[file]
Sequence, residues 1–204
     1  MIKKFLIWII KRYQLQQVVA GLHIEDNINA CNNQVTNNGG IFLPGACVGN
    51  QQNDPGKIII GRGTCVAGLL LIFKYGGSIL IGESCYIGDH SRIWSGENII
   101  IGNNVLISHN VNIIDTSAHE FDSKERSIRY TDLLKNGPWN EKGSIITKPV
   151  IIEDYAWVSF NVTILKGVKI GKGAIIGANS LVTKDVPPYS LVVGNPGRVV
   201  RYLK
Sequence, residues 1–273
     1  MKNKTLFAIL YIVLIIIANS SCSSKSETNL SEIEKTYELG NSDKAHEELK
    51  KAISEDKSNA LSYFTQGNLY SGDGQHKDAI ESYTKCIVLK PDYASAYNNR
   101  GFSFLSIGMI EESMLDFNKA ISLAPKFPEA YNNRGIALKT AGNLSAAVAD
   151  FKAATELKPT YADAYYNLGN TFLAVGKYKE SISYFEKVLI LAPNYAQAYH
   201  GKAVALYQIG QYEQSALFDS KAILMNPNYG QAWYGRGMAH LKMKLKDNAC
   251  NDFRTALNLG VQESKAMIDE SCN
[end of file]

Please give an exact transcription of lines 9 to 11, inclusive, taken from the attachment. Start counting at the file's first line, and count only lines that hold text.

    51  KAISEDKSNA LSYFTQGNLY SGDGQHKDAI ESYTKCIVLK PDYASAYNNR
   101  GFSFLSIGMI EESMLDFNKA ISLAPKFPEA YNNRGIALKT AGNLSAAVAD
   151  FKAATELKPT YADAYYNLGN TFLAVGKYKE SISYFEKVLI LAPNYAQAYH